Digestive Disease Week (DDW) is the largest international gathering of physicians, researchers and academics in the fields of gastroenterology, hepatology, endoscopy and gastrointestinal surgery.

"We are pleased to see more attention directed toward improving the lives of people suffering from inflammatory bowel diseases," said Jim Lewis, M.D., of the University of Pennsylvania. "For too long, the rate of discovery was slow. Now we are seeing more answers for the millions of sufferers."

Capsule Endoscopy in IBD: Findings and Effects on Clinical Outcomes (Abstract 105669*)

The M2A video capsule or "camera pill" allows gastroenterologists their best view yet of the small bowel, assisting in the diagnosis of inflammatory bowel disease. Until now, studies have not analyzed the influence of capsule endoscopy on clinical decision-making and therapeutic outcomes in IBD.

According to research presented by scientists from Mount Sinai Medical Center, use of the video capsule improves clinical outcomes significantly.

2 – 2 – 2 Bowel Diseases

For the study, the team of researchers reviewed the results of capsule endoscopy in patients with IBD-related indications. A total of 65 patients met the inclusion criteria and fit in four categories: A) abnormal small bowel series, rule out Crohn's Disease (CD); B) abdominal pain, normal radiologic studies, rule out CD; C) known ulcerative or Crohn's colitis; normal small bowel series and persistent symptoms, rule out small bowel disease; and D) known CD, with persistent obscure bleeding.

Overall, for 20 of the 21 patients (95 percent) in whom major diagnostic findings were discovered using capsule endoscopy, therapeutic decisions based on the results led to clinical improvement in patient outcome. In groups A and B, an absence of small bowel findings in 30 of 32 patients helped rule out CD. Throughout an average follow-up of 19 months, no evidence of CD developed, leading to a negative predictive value for the capsule study of 100 percent in this setting. In groups C and D, researchers discovered positive diagnostic findings on capsule endoscopy in 18 of 33 patients.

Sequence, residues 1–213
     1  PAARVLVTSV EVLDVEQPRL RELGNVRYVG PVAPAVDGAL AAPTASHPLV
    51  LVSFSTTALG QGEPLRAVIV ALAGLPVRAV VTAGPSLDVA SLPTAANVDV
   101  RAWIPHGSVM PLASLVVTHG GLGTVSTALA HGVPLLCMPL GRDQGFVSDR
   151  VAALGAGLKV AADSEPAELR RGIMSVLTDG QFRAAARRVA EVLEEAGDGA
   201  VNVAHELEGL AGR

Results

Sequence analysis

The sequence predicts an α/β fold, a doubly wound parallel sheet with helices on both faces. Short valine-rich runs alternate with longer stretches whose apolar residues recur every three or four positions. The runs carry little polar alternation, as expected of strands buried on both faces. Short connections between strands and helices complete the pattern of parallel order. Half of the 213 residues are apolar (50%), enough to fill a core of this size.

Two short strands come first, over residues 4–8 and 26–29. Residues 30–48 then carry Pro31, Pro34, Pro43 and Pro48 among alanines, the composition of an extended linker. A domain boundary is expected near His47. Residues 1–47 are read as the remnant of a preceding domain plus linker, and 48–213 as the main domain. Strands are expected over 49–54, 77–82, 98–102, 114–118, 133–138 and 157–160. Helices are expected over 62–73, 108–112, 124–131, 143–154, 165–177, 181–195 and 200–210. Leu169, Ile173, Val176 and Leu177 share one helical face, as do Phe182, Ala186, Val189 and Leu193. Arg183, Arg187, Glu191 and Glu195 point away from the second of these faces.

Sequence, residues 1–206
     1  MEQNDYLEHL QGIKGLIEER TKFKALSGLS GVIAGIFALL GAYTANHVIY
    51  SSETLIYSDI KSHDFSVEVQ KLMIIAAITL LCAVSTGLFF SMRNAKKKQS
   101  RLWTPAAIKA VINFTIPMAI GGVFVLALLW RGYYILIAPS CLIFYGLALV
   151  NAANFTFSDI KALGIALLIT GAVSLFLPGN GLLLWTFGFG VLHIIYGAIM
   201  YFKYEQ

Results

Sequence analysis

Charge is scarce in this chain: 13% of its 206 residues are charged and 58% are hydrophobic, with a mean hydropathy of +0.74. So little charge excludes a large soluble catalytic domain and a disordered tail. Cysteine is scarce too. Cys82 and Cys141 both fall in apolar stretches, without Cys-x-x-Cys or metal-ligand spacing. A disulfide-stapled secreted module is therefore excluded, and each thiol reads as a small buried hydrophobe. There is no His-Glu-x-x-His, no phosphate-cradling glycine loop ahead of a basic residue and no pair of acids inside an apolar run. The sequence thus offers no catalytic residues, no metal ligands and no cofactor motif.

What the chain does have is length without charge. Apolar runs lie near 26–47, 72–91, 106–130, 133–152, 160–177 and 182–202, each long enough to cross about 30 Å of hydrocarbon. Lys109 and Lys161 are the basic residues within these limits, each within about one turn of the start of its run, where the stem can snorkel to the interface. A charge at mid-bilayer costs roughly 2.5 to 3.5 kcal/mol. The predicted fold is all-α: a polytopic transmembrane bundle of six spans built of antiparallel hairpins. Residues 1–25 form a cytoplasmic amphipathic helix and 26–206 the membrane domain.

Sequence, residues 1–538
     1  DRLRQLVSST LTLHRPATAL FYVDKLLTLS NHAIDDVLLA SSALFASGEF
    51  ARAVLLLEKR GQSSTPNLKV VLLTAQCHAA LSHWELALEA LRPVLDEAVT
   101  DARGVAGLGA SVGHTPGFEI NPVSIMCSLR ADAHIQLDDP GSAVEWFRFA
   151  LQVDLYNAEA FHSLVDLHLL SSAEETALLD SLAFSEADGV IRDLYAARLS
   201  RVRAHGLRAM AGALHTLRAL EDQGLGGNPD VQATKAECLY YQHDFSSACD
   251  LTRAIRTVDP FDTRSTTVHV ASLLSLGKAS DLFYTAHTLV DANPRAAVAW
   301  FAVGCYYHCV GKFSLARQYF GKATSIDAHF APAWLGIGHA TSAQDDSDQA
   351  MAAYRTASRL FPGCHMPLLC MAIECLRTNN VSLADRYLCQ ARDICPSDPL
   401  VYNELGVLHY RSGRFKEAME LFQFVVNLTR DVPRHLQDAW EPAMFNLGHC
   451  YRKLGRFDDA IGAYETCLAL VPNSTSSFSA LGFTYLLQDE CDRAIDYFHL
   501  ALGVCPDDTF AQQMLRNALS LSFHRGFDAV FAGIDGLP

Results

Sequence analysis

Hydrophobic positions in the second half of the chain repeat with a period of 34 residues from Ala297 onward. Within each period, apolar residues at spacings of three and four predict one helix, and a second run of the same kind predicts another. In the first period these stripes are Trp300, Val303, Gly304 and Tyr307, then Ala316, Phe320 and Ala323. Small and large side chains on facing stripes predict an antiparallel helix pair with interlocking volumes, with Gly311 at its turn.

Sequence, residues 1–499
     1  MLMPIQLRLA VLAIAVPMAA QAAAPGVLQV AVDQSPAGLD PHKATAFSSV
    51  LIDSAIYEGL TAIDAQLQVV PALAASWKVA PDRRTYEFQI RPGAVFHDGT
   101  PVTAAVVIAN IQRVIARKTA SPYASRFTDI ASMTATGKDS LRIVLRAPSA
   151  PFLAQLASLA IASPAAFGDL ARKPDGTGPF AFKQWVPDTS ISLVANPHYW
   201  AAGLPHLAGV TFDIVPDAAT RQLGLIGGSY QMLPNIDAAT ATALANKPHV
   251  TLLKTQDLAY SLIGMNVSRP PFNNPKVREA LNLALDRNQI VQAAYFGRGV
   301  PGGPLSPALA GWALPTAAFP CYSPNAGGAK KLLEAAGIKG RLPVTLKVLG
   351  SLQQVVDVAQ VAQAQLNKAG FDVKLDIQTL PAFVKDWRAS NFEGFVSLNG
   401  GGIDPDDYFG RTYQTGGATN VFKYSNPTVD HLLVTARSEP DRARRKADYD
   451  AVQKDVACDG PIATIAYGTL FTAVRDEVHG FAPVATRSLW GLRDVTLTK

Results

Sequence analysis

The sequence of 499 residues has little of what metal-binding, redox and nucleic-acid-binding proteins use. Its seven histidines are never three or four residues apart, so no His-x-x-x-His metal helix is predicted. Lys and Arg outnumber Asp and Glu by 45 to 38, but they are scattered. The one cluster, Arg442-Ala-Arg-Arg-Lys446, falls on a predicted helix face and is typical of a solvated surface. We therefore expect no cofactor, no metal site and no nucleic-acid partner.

"Based on our research, we believe that capsule endoscopy may play an important role in clinical diagnosis and therapeutic decisions in patients with IBD indications," said Peter Legnani, M.D., lead author of the study. "We hope that the ease of use of the capsule may encourage more patients to undergo screening to confirm diagnosis of IBD and receive appropriate treatment."

Basiliximab (anti-CD25) for the Treatment of Steroid Resistant Ulcerative Colitis (Abstract 104640*)

Steroid therapy is one of the most effective treatments for ulcerative colitis (UC), which causes inflammation and ulcers in the lining of the large intestine, but up to 30 percent of patients will have a poor response to steroids. These steroid-resistant individuals present a difficult clinical challenge to gastroenterologists, because few treatment options exist after steroids other than removal of the entire colon (colectomy).

Basiliximab (Simulect®), a novel monoclonal antibody, has potential as a new treatment option, according to research from Henry Wellcome Laboratories at the University of Bristol in England.

3 – 3 – 3 Bowel Diseases

Basiliximab has been proven effective as a steroid sensitizer in steroid resistant UC both in the lab and in humans. This uncontrolled pilot study examined an extended series of 30 steroid resistant UC patients treated with basiliximab. Twenty patients with moderately active disease and 10 patients with severe disease were treated with a single intravenous (IV) dose of basiliximab (40 mg) in addition to their standard steroid therapy to monitor for remission within eight weeks, defined by an Ulcerative Colitis Symptom Score (UCSS) of less than two.